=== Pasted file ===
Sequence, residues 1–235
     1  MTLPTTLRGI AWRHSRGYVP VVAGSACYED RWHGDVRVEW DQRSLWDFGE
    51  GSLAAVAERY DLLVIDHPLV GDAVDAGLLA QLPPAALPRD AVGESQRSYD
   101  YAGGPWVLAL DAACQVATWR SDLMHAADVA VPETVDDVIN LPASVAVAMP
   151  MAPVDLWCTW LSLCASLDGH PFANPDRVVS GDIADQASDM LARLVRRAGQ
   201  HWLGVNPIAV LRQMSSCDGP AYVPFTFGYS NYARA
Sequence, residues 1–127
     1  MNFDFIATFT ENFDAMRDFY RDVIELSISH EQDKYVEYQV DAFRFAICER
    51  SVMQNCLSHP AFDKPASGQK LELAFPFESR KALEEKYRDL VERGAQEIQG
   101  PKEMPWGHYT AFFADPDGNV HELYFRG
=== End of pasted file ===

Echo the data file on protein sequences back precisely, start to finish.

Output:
Sequence, residues 1–235
     1  MTLPTTLRGI AWRHSRGYVP VVAGSACYED RWHGDVRVEW DQRSLWDFGE
    51  GSLAAVAERY DLLVIDHPLV GDAVDAGLLA QLPPAALPRD AVGESQRSYD
   101  YAGGPWVLAL DAACQVATWR SDLMHAADVA VPETVDDVIN LPASVAVAMP
   151  MAPVDLWCTW LSLCASLDGH PFANPDRVVS GDIADQASDM LARLVRRAGQ
   201  HWLGVNPIAV LRQMSSCDGP AYVPFTFGYS NYARA
Sequence, residues 1–127
     1  MNFDFIATFT ENFDAMRDFY RDVIELSISH EQDKYVEYQV DAFRFAICER
    51  SVMQNCLSHP AFDKPASGQK LELAFPFESR KALEEKYRDL VERGAQEIQG
   101  PKEMPWGHYT AFFADPDGNV HELYFRG